#COP26 #Youth and public empowerment
Citizen/community science approaches are fundamental to contribute to #COP26’s Goal 4: “Work together to deliver” since they hold the potential to foster collaboration between scientists, civil society, and governments, which is needed to accelerate action to tackle the climate crisis.
At the LICCI_project (ICTA-UAB) we are very aware about having the voices and knowledge of Indigenous peoples and local communities be heard in the policy debate, but also the voices of civil society in general. We have been working in this line for already three years and have produced a tool that can help to bring these voices together: the OpenTEK platform.
OpenTEK is a multi-language citizen science platform designed to encourage participation in climate research by allowing anyone in the world to document and classify their observations of climate change impacts. This will make local impacts more visible and provide a more complete picture of the myriad climate change effects on our daily lives. By documenting concrete impacts of climate change throughout diverse communities worldwide, we can help make better policies and develop and share better adaptation measures. Next to creating and viewing local observations, there are other sources and types of information that will be made available with time. For instance, in this first release, we included an archive of more than 100 scientific publications, which report local observations that have been reviewed and classified by a research team. We also have included field study data collected by scientists in partnership with local communities.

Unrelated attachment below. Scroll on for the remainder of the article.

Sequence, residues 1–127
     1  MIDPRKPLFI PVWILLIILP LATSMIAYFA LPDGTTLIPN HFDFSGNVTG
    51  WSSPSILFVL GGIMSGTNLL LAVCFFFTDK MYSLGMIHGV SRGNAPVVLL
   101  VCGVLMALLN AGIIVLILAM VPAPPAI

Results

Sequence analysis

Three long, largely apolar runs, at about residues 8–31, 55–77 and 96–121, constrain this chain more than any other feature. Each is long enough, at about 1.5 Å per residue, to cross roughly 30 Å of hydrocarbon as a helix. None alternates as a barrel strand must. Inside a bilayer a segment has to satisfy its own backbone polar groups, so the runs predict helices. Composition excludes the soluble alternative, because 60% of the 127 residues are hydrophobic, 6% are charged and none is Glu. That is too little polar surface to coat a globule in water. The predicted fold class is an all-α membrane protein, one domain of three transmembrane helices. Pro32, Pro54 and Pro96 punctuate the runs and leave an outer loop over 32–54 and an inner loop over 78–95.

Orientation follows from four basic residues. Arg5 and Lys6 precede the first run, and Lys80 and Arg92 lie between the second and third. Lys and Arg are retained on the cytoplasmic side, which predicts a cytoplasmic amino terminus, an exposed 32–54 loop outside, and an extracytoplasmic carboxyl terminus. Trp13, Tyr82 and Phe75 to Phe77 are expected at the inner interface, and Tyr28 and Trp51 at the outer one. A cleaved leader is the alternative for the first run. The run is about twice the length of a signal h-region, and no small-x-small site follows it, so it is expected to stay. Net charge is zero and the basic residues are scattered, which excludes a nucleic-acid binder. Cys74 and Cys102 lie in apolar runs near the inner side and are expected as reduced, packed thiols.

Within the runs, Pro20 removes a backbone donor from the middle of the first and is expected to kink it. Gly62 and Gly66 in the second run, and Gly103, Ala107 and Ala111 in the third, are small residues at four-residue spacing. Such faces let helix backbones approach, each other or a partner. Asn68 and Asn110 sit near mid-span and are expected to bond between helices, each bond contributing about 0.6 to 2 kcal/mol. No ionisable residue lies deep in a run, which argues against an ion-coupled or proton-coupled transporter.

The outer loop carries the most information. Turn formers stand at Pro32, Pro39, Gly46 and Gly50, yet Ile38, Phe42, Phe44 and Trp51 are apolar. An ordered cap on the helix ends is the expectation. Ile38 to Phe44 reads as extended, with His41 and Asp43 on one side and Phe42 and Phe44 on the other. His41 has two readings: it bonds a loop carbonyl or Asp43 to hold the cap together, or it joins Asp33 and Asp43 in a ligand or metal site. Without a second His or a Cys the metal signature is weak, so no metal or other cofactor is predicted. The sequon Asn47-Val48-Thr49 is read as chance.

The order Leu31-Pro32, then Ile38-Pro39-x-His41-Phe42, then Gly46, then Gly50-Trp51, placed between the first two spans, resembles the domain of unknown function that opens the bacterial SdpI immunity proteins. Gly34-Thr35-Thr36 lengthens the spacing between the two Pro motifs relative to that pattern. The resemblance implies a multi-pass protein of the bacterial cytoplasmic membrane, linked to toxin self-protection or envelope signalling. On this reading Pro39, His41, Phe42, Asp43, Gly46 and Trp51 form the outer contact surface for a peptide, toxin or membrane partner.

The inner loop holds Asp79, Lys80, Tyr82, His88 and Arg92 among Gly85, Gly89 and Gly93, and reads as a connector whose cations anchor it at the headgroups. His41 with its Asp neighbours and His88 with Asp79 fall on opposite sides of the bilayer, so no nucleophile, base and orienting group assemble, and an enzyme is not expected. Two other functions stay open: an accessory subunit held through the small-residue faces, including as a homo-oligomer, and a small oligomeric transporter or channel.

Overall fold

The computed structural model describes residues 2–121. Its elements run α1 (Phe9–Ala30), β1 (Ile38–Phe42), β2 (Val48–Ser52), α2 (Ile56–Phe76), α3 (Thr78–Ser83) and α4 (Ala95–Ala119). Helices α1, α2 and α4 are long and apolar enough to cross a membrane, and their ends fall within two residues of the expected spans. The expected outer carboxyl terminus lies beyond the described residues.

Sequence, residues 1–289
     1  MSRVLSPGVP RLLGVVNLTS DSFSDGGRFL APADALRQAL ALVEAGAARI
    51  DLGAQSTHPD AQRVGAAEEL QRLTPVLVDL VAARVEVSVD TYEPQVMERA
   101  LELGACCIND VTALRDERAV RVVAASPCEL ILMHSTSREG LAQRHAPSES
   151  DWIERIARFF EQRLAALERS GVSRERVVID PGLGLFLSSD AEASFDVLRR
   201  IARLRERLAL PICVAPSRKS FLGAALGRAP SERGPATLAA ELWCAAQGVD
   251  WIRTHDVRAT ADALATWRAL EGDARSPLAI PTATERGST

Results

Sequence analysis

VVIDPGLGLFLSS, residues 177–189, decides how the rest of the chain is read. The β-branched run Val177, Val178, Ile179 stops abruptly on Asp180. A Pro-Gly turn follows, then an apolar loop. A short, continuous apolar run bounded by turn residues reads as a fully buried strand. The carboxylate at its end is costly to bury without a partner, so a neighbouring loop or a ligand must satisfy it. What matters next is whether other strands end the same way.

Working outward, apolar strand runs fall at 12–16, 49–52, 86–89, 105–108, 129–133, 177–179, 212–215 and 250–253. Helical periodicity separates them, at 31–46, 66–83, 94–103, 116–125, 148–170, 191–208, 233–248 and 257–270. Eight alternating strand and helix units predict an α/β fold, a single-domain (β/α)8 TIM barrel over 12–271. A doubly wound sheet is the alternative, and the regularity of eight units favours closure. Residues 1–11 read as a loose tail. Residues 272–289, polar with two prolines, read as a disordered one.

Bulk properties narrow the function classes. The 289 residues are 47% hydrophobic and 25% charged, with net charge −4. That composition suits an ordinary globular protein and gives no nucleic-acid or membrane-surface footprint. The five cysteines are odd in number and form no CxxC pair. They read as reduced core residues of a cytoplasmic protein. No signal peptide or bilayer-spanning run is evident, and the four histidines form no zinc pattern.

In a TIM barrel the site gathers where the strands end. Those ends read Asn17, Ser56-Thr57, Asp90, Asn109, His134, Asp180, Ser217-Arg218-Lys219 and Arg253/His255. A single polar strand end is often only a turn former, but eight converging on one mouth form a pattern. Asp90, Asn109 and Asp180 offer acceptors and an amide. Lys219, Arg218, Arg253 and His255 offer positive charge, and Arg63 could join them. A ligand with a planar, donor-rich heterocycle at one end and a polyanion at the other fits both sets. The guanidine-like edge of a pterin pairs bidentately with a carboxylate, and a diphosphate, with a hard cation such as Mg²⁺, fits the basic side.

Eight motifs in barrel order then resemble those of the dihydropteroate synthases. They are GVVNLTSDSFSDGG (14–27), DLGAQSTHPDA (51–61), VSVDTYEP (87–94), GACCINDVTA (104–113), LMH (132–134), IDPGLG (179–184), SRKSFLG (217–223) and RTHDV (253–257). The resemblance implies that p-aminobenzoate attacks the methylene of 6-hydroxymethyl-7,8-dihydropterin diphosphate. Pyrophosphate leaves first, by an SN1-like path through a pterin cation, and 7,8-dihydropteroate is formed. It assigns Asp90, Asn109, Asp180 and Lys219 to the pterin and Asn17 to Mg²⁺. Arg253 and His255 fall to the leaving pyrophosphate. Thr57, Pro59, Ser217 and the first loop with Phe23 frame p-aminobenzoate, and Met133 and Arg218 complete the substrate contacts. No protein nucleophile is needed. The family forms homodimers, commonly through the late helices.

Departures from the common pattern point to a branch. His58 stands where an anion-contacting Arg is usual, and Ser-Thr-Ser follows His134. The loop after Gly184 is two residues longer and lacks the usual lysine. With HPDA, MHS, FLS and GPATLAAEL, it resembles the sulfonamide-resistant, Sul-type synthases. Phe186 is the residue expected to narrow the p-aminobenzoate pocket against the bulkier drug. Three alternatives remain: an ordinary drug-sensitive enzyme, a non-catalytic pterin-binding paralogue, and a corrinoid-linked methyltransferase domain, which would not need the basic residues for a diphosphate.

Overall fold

We are still prototyping the user interface to work for Indigenous people, the general public, and scientists likewise, so that the OpenTEK platform can become a tool for cooperation. In this sense, with our civil society partners, and with funding from a Proof of Concept ERC grant (LICCION), we are now developing tailor-made platforms designed to not only facilitate the documentation and visualization of local climate change impacts knowledge but also to allow community-specific protocols to be respected and integrated, as well as preferred ownership levels.
Although we still face important challenges, such as the technological divide and the accessibility of some communities to these types of tools, we think that these technologies can contribute to youth and public empowerment and also to more transdisciplinary climate science and innovation.